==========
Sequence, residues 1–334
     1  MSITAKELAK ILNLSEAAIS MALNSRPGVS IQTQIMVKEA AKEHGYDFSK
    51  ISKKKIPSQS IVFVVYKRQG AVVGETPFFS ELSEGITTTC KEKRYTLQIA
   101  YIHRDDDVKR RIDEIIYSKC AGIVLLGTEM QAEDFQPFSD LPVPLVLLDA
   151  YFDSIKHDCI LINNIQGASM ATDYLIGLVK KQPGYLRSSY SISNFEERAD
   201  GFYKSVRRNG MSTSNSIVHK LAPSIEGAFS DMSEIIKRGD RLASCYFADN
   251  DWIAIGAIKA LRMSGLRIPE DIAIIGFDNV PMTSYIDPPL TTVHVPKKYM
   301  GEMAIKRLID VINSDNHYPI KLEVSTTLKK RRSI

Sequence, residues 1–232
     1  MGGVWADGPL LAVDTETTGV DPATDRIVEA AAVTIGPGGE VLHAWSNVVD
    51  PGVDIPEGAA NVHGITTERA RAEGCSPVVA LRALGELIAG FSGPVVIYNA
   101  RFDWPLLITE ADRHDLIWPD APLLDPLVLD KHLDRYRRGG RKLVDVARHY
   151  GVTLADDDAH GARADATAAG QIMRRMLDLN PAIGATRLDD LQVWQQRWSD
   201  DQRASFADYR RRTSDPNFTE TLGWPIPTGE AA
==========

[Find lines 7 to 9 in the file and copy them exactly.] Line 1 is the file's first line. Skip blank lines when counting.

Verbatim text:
   251  DWIAIGAIKA LRMSGLRIPE DIAIIGFDNV PMTSYIDPPL TTVHVPKKYM
   301  GEMAIKRLID VINSDNHYPI KLEVSTTLKK RRSI

Sequence, residues 1–232